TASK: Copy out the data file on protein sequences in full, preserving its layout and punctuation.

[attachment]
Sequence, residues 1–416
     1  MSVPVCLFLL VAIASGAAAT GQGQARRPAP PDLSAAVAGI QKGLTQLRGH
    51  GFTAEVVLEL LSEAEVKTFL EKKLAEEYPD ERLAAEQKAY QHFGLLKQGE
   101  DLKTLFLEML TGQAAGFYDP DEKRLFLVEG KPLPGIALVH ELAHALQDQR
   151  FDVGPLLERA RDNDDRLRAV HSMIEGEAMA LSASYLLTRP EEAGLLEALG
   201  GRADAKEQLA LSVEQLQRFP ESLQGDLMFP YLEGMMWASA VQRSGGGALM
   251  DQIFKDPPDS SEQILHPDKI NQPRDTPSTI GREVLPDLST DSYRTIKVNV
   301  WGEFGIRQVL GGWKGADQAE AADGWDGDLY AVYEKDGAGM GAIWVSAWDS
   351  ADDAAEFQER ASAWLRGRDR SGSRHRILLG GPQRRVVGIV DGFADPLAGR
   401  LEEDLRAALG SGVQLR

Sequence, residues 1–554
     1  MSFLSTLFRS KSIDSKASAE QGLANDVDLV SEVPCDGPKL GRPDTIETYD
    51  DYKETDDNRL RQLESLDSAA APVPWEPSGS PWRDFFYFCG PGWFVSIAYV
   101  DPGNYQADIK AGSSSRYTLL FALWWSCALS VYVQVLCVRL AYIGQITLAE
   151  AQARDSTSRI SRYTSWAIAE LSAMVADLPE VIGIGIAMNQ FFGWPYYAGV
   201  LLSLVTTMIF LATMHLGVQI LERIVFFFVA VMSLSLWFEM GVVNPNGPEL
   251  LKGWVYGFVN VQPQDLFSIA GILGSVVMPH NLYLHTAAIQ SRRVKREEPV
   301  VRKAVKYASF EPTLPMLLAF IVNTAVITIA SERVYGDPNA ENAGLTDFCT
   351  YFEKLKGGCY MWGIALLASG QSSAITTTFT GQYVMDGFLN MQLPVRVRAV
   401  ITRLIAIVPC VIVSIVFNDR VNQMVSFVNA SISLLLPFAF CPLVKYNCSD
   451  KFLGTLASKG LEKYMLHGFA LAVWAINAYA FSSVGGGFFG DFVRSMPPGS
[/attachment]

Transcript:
Sequence, residues 1–416
     1  MSVPVCLFLL VAIASGAAAT GQGQARRPAP PDLSAAVAGI QKGLTQLRGH
    51  GFTAEVVLEL LSEAEVKTFL EKKLAEEYPD ERLAAEQKAY QHFGLLKQGE
   101  DLKTLFLEML TGQAAGFYDP DEKRLFLVEG KPLPGIALVH ELAHALQDQR
   151  FDVGPLLERA RDNDDRLRAV HSMIEGEAMA LSASYLLTRP EEAGLLEALG
   201  GRADAKEQLA LSVEQLQRFP ESLQGDLMFP YLEGMMWASA VQRSGGGALM
   251  DQIFKDPPDS SEQILHPDKI NQPRDTPSTI GREVLPDLST DSYRTIKVNV
   301  WGEFGIRQVL GGWKGADQAE AADGWDGDLY AVYEKDGAGM GAIWVSAWDS
   351  ADDAAEFQER ASAWLRGRDR SGSRHRILLG GPQRRVVGIV DGFADPLAGR
   401  LEEDLRAALG SGVQLR

Sequence, residues 1–554
     1  MSFLSTLFRS KSIDSKASAE QGLANDVDLV SEVPCDGPKL GRPDTIETYD
    51  DYKETDDNRL RQLESLDSAA APVPWEPSGS PWRDFFYFCG PGWFVSIAYV
   101  DPGNYQADIK AGSSSRYTLL FALWWSCALS VYVQVLCVRL AYIGQITLAE
   151  AQARDSTSRI SRYTSWAIAE LSAMVADLPE VIGIGIAMNQ FFGWPYYAGV
   201  LLSLVTTMIF LATMHLGVQI LERIVFFFVA VMSLSLWFEM GVVNPNGPEL
   251  LKGWVYGFVN VQPQDLFSIA GILGSVVMPH NLYLHTAAIQ SRRVKREEPV
   301  VRKAVKYASF EPTLPMLLAF IVNTAVITIA SERVYGDPNA ENAGLTDFCT
   351  YFEKLKGGCY MWGIALLASG QSSAITTTFT GQYVMDGFLN MQLPVRVRAV
   401  ITRLIAIVPC VIVSIVFNDR VNQMVSFVNA SISLLLPFAF CPLVKYNCSD
   451  KFLGTLASKG LEKYMLHGFA LAVWAINAYA FSSVGGGFFG DFVRSMPPGS